FCAT fiasco points up failures at the top

Published May 16, 2012

The Florida Board of Education was in crisis mode Tuesday, holding an emergency meeting by telephone to change on the fly the illogical scoring of this year's FCAT writing test. Public anger at the overuse of high-stakes standardized tests finally boiled over, as more than 800 people listened in to the conference call and queued up to question how this mess happened — and what it means for their children and their schools. What it means is that there is too much emphasis on standardized tests and that the state's manipulation of the rules render the test scores meaningless.

Faced with an uprising, the board had little choice but to control the damage and essentially grade on the curve to improve the results. It dropped the passing score to 3 (out of 6) instead of keeping it at a 4. That makes the results look more plausible and avoids the inaccurate perception that student performance dropped off a cliff overnight. But that answer is only a stopgap, and it raises significant issues about the meaning and the value of the FCAT, which affects everything from school grades to teacher bonuses. Those are issues that the board and Education Commission Gerard Robinson need to revisit if Florida's accountability system is to retain any of its quickly collapsing credibility. Robinson's failure to anticipate this mess also erodes confidence in his ability to chart a clear path for education in this state.

The FCAT writing exam itself didn't change. Administered to fourth-, eighth- and 10th-graders, it remains a 45-minute test that begins with a "prompt" that spurs a student to start writing. But two things about the grading changed. Punctuation, spelling and grammar, as well as supporting details, were graded harder, which meant that a passing grade of 4 was more difficult to earn. And each test was marked by two graders instead of one. That's actually an improvement, but it meant that when graders disagreed, they would split the difference and give half-point grades. That effectively lowered the number of passing tests as well.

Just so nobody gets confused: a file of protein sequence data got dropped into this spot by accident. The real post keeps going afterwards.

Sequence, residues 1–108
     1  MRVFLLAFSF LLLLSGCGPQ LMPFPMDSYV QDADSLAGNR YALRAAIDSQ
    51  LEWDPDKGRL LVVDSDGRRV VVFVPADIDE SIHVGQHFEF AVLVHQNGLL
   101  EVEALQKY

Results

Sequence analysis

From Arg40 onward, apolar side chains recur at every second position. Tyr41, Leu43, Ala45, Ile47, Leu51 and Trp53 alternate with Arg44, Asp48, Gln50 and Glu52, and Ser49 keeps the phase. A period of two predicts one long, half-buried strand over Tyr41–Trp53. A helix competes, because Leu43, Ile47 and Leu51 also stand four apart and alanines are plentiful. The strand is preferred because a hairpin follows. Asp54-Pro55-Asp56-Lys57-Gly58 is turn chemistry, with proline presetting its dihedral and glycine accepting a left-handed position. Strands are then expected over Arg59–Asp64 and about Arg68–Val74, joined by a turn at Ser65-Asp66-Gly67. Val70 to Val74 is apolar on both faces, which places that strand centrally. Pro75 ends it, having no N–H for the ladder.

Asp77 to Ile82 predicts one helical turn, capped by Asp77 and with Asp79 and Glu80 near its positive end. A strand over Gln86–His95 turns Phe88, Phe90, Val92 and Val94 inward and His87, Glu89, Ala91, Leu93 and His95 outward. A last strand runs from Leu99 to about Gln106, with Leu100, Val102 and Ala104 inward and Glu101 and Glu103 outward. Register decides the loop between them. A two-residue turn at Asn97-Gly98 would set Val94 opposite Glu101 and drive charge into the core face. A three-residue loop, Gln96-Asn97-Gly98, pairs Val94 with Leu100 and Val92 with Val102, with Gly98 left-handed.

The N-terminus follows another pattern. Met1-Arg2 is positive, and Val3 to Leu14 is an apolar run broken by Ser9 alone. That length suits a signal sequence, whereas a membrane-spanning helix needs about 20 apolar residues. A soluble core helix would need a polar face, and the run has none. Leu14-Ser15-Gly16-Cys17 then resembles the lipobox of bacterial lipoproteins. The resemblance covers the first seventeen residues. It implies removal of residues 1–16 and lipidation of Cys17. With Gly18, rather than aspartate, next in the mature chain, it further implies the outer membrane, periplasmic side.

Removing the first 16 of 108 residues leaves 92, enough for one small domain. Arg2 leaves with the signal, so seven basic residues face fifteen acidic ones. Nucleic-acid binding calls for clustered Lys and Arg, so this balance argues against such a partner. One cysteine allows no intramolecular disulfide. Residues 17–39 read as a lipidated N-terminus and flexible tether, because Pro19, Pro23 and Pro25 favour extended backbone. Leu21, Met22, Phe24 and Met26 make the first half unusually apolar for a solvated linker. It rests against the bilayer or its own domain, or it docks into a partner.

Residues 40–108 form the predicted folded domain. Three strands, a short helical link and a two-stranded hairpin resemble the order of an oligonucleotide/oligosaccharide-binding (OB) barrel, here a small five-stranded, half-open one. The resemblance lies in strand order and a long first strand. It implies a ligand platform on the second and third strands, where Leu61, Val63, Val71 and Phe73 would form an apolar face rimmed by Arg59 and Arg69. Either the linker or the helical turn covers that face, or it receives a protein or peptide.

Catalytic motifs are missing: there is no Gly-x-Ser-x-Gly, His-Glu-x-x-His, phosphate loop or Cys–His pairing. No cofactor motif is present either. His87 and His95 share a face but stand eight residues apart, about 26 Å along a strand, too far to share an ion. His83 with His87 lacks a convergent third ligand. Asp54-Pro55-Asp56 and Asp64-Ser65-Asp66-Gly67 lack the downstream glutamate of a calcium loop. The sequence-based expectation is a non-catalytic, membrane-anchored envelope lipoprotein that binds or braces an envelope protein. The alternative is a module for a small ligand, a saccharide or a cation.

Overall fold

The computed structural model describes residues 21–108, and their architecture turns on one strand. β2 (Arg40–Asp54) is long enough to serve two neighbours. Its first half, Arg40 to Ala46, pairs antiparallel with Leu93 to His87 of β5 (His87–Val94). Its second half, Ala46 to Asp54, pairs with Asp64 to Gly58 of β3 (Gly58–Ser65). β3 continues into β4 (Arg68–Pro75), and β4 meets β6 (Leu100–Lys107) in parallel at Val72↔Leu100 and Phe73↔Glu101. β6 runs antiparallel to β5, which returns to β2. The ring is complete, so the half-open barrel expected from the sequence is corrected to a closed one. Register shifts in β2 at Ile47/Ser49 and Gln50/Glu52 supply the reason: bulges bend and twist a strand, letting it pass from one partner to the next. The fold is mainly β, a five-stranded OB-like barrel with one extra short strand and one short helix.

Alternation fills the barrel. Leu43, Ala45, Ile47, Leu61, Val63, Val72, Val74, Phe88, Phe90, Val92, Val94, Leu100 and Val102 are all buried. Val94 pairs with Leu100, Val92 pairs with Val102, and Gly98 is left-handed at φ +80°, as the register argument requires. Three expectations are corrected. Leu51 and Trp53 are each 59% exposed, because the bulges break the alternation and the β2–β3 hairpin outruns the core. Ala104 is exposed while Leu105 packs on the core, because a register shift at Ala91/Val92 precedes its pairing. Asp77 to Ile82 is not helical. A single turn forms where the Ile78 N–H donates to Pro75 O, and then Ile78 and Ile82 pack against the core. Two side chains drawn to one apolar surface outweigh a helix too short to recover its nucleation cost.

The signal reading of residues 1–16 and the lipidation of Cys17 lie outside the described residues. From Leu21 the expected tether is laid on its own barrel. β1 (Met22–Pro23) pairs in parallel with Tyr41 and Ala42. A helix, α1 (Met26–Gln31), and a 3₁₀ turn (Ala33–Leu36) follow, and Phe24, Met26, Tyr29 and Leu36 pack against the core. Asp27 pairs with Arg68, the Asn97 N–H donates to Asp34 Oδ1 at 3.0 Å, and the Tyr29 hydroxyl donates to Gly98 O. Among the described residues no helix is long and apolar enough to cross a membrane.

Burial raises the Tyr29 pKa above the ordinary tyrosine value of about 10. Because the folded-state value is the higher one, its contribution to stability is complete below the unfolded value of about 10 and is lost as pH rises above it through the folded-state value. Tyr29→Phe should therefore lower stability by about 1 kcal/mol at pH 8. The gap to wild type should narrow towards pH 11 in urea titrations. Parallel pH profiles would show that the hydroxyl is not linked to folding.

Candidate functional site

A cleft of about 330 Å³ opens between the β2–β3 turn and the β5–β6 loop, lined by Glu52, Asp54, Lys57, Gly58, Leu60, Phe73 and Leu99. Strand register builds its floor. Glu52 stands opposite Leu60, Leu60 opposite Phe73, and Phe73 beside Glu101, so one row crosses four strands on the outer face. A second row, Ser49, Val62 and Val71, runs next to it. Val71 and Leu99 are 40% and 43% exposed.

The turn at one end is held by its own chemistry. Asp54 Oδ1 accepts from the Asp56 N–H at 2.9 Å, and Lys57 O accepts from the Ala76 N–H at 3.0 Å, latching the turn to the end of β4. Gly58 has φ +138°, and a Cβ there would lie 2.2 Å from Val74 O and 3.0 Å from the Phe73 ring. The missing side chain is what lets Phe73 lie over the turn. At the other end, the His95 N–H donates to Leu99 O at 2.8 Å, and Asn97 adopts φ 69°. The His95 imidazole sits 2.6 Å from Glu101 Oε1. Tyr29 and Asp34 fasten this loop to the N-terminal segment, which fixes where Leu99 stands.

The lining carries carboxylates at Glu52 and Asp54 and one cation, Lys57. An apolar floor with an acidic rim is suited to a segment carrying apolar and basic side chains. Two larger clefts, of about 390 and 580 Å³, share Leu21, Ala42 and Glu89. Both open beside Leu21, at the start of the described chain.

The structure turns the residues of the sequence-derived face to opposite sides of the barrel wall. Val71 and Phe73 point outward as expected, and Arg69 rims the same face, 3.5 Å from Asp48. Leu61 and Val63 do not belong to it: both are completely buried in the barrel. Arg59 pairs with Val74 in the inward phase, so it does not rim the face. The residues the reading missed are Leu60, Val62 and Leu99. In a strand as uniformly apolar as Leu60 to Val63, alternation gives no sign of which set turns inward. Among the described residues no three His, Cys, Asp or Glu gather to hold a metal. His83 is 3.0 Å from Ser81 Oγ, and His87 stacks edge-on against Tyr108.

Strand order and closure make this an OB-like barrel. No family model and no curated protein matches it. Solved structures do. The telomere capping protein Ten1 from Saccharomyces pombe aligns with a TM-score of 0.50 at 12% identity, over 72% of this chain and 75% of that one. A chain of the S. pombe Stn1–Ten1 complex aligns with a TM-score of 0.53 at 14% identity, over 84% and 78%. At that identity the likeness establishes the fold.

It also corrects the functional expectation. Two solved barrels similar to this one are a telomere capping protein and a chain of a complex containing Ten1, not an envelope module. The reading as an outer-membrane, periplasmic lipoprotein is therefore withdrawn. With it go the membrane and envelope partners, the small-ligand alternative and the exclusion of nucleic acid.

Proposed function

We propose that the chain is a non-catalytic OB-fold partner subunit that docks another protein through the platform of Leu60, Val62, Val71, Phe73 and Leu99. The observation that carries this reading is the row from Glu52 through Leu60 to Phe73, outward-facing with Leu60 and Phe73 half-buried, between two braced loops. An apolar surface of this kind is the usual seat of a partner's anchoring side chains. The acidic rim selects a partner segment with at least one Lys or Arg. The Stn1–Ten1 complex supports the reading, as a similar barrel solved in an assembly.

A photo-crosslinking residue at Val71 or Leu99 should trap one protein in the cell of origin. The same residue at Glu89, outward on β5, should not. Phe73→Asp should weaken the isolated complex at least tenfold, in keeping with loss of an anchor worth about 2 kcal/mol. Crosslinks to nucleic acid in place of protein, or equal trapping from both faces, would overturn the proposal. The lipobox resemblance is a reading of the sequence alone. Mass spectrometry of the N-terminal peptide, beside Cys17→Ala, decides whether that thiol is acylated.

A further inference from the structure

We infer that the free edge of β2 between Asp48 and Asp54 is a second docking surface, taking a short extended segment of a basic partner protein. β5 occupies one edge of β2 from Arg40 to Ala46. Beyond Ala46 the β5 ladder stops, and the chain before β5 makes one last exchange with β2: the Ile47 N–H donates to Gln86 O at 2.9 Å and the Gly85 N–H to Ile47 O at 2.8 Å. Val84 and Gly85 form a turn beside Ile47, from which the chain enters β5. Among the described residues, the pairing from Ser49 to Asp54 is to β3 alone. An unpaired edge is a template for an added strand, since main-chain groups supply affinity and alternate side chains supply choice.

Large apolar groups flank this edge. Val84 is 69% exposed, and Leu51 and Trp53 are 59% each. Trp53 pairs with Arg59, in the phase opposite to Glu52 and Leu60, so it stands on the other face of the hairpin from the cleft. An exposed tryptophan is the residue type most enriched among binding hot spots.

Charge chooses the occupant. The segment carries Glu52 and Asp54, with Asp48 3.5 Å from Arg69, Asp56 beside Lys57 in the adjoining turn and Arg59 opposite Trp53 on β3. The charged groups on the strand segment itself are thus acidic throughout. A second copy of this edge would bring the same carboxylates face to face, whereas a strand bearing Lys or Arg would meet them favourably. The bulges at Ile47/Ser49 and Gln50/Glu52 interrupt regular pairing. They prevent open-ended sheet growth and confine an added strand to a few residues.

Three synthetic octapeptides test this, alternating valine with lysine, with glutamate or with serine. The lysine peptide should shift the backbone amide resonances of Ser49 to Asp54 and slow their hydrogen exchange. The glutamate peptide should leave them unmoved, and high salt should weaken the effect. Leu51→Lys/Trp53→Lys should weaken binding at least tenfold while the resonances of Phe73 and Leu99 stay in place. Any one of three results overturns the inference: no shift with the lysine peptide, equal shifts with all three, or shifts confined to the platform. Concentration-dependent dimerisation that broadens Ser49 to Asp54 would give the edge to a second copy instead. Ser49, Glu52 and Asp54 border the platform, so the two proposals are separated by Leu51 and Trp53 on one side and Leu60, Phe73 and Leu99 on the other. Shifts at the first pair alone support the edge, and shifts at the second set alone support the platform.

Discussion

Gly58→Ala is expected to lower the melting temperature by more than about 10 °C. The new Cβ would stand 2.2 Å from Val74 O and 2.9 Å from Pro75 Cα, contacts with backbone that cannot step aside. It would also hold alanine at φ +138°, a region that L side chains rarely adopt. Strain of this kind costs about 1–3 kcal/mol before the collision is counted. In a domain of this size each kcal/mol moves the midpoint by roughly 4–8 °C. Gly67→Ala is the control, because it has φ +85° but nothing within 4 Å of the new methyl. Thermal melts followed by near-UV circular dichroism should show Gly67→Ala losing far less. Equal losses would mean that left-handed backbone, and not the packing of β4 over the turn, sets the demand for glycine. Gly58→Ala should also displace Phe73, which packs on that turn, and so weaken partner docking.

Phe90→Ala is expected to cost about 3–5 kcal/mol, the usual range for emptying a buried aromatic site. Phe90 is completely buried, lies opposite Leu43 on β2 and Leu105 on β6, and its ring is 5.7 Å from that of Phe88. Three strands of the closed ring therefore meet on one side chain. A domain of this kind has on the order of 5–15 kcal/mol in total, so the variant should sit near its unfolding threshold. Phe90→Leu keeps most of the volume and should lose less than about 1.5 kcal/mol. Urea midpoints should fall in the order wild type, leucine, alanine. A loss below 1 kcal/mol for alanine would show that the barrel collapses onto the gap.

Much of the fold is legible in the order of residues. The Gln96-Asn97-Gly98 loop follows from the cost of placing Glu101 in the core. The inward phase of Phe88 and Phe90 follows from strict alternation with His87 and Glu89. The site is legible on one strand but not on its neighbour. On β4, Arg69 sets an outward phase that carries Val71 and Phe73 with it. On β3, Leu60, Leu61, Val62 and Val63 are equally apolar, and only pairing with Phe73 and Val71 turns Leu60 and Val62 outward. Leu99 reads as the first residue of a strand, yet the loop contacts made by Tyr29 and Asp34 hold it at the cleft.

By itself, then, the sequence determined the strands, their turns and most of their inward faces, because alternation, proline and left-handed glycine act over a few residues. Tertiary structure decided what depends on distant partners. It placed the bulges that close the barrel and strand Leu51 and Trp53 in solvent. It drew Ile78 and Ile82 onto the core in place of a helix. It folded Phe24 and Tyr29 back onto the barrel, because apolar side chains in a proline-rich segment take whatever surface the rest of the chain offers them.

Then came the fallout. For example, 81 percent of last year's fourth-graders scored 4 or higher. This year, under the tougher rules, only 27 percent did. As the education commissioner admitted, he knew there was a problem because "students didn't overnight become bad writers."

Indeed they didn't. The past two years, the vast majority of students scored right in the middle, in the 3- to 4-point range — 72 percent of fourth-graders last year versus 73 percent this year, for example. While there were more 3's and fewer 4's this year, as one would expect from tougher standards, that's not a sea change. But the scoring rules — which are subjective — made it seem like one. The subjectivity is obvious this year by the number of 3.5's awarded — every one of them represents a disagreement between the two graders. More than one in five fourth-graders got one.

This debacle should reinforce that a school's letter grade is made up of lots of elements that are far from objective measures and may ultimately say little that is meaningful about a school. It's a stew of calculations that results in a simplistic rating that doesn't begin to give parents and students enough information.

As the state moves to common nationally based assessments and appropriate end-of-course exams that test the material that should have been learned in the classroom, officials should be chastened by this fiasco. Schools should be held accountable for student performance, but the measurement needs to be scaled appropriately.